To ask the Secretary of State for Work and Pensions what the average annual increase in gross
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salary was for the year 200304 for (a) staff below the Senior Civil Service and (b) the Senior Civil Service in his Department. 
Maria Eagle: The average annual increase in gross salary in DWP for the year 200304 was 5 per cent. for staff in grades below the Senior Civil Service, and 2.65 per cent. for staff in the Senior Civil Service.
1.Data source: DWP Dataview" for September 2003 and September 2004 extracted from FAMIS and Rebus payroll systems. 2.The figures represent all staff in DWP, including those in the corporate centre, Jobcentre Plus, The Pension Service, Child Support Agency, and the Disability and Carer Service. 3.The figures are based on basic full-time, not pro-rated for any working patterns and exclude allowances, overtime, bonuses and employer's national insurance and superannuation liabilities. 4.The percentage growth has been calculated by dividing the increases in mean salaries into the September 2003 mean salaries.
Mr. Hancock: To ask the Secretary of State for Work and Pensions how many contracts in his Department have been granted to (a) EDS, (b) Fujitsu and (c) jointly in each of the last two years; whether they were open to competition; for what they were granted; for how much; over what period of time; and if he will make a statement. 
Jane Kennedy: The Department for Work and Pensions continues to award business to EDS under its Accord and ITPA PFI contracts, both of which were subject to competition and were signed in 1999 and 1998 respectively.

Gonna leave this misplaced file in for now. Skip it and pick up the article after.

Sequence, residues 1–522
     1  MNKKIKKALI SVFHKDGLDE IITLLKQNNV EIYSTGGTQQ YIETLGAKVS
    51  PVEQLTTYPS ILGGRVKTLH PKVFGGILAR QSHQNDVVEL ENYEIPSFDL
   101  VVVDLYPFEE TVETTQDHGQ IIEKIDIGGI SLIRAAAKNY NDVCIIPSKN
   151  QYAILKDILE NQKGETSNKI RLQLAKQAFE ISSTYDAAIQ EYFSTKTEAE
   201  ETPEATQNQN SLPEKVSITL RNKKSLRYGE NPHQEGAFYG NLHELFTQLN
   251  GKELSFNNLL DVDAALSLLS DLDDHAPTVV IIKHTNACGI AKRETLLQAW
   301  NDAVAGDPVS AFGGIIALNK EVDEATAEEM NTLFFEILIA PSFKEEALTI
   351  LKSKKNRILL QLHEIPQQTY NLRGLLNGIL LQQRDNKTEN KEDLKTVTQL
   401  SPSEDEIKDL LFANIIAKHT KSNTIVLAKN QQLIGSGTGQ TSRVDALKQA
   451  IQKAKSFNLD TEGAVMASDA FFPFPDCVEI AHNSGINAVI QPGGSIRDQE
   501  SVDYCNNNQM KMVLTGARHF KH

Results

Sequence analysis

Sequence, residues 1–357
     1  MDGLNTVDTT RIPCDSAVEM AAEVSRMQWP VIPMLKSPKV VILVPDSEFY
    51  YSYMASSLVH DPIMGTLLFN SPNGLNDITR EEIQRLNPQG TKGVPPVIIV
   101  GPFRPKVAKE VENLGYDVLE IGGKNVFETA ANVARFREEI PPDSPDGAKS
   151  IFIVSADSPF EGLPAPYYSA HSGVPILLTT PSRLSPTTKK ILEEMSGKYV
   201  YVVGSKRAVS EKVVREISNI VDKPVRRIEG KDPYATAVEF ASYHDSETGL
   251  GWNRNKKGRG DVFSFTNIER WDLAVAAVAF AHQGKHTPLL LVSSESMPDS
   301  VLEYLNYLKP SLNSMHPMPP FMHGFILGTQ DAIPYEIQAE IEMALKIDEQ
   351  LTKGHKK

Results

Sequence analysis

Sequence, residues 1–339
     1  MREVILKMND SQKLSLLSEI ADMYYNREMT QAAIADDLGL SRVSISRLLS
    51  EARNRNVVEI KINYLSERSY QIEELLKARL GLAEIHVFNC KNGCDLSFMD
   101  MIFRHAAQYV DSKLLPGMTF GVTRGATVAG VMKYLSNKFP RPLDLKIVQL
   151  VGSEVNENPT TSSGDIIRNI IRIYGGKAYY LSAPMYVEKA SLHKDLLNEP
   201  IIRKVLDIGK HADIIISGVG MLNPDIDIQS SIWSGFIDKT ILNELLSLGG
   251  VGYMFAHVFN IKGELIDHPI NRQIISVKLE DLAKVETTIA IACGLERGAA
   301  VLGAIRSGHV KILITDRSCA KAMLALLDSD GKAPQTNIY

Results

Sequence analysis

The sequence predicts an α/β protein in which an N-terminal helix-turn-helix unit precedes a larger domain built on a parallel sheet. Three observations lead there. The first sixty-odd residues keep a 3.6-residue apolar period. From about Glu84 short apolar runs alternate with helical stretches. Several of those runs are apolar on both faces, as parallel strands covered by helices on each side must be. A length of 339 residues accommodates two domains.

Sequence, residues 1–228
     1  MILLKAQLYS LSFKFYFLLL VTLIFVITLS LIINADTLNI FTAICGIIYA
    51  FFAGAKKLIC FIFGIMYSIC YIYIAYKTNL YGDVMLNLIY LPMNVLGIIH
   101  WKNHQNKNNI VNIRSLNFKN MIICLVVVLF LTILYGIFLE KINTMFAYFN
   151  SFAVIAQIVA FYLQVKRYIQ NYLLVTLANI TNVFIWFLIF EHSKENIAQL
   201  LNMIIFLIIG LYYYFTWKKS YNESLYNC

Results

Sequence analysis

Application Hosting and Associated Operationalthe initial component of this being an Enterprise Resource Planning system. The contract was awarded following a competition which was advertised in the Official Journal of the European Union and has an estimated value of £27 million over five years.
Real Time Pensions Forecasting design and development contract awarded to Fujitsu following a competition under the Accord framework. The contract runs from December 2003 to September 2004 and has an estimated value of £4.654 million. An application maintenance contract for this system has also been awarded to Fujitsu running from September 2004 until March 2006 with an estimated value of £0.592 million.
To ask the Secretary of State for Work and Pensions how many pensioners were in receipt
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of council tax benefit in (a) England, (b) Wales, (c) Scotland and (d) Great Britain in (i) each year from 199798 to 200405 and (ii) each of the last 12 months; and what assessment he has made of the effectiveness of the council tax benefit take-up campaign launched by his Department and the Local Government Association in 2004. 
Research was commissioned to establish the general levels of awareness of council tax benefit and to identify the effect of the publicity campaign. The research was conducted at both pre and post stages of the publicity activity. Overall, the research suggested that this activity had a positive effect in raising levels of awareness among our primary target audience of pensioners. Those respondents aged 65 plus were more likely than other age groups to have seen or heard something about paying less council tax, and this increased from 19 per cent. at the pre-publicity stage to 29 per cent. at the post-publicity stage.
In a recent survey, over 90 per cent. of authorities that responded said that they had introduced initiatives that overlapped with, or were as a result of, the council tax benefit campaign. And around two thirds of authorities said that this had resulted in an overall increase in case load.